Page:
I may sound like an Australian going on about Whingeing Pommies, but I have honestly never experienced anybody complain as much as the Germans. They complain as if their life depended on it. And as they have little comparison, they take the smallest ontowardness as a personal slight. The - really wonderful - train network (ever used an ICE linking major German cities? Well, I do this quite a bit, and it is just about the most agreeable form of travel imaginable. WiFi, quiet areas, sockets at every seat, snacks and coffee, often free newspapers, a nice dining car with seasonal food, air conditioning that actually works, and an amazing record of being on time - it's a travel dream come true.) But for Germans, it's a red rag. One minute late??? Unbelievable! Carriages in reverse order?? Typical! The Bahn is not the only thing they moan about. They complain about high prices, the internet, e-books, the health service,modern life, capitalism, hotels..., anything and everything. They seem positively unhappy when there's nothing to complain about.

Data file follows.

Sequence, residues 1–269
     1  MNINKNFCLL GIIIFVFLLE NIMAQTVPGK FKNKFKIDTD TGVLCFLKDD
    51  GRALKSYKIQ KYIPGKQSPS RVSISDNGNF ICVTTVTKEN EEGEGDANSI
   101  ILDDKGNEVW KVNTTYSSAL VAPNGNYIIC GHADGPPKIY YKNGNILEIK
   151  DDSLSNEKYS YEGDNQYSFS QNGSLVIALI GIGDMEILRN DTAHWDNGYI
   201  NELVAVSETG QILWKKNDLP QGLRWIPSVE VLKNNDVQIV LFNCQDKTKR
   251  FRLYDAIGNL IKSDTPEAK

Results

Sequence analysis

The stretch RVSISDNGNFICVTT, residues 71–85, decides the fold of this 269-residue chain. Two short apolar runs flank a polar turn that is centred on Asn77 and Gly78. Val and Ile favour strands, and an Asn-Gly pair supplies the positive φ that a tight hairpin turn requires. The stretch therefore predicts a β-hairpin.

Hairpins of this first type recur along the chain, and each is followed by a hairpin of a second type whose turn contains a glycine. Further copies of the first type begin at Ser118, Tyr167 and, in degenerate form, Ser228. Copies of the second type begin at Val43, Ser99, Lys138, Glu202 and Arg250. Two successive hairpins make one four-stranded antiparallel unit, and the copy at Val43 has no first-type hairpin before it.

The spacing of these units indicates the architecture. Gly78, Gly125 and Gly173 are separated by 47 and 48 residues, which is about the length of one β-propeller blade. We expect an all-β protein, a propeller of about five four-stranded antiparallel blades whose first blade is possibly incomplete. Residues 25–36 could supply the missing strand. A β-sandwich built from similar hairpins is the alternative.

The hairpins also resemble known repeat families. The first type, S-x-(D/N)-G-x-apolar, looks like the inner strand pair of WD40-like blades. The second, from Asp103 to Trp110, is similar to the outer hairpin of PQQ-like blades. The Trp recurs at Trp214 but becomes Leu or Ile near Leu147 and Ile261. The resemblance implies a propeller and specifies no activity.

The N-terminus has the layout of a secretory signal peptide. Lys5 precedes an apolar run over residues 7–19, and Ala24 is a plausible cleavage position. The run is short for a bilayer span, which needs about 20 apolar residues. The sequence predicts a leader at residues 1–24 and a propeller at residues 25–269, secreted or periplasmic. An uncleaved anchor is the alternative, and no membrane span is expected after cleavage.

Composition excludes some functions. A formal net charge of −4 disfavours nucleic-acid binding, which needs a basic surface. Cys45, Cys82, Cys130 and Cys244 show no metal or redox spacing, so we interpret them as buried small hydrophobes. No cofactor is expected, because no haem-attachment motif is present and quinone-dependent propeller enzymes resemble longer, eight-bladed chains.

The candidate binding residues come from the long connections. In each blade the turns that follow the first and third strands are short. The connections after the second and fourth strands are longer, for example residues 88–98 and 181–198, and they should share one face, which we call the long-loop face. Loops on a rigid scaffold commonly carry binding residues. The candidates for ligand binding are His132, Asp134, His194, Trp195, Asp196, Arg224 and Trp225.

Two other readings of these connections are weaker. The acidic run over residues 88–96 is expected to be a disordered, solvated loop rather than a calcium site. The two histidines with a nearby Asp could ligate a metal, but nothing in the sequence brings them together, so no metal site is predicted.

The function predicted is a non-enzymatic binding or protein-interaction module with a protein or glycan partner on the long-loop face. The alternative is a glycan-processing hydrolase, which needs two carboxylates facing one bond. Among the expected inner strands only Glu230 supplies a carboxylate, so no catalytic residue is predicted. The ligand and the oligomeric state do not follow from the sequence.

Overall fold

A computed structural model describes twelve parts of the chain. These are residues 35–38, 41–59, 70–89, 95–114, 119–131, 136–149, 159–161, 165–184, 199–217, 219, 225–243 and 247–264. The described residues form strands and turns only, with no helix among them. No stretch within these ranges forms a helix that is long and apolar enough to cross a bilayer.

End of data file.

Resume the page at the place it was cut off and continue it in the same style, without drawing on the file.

For which read: "lack of". Have you ever been to a German office party? Or any party? Then you'll know the feeling of having to deal with complete and undisturbed silence. Germans don't ever feel the need to "make conversation" - something they dispise and find "artificial" (gekünstelt). They have no banter and no phrases come easily. They're almost always awkward when in a group. Uncomfortable and desperatly shy they sit around a table, saying nothing. I don't know whether they find it awkward themselves but they tend to do it for a very long time. It takes a better person than me to suffer this cringe-making atmosphere. I've learnt to avoid gatherings of Germans. They're exhausting and disturbing in an empty sort of way.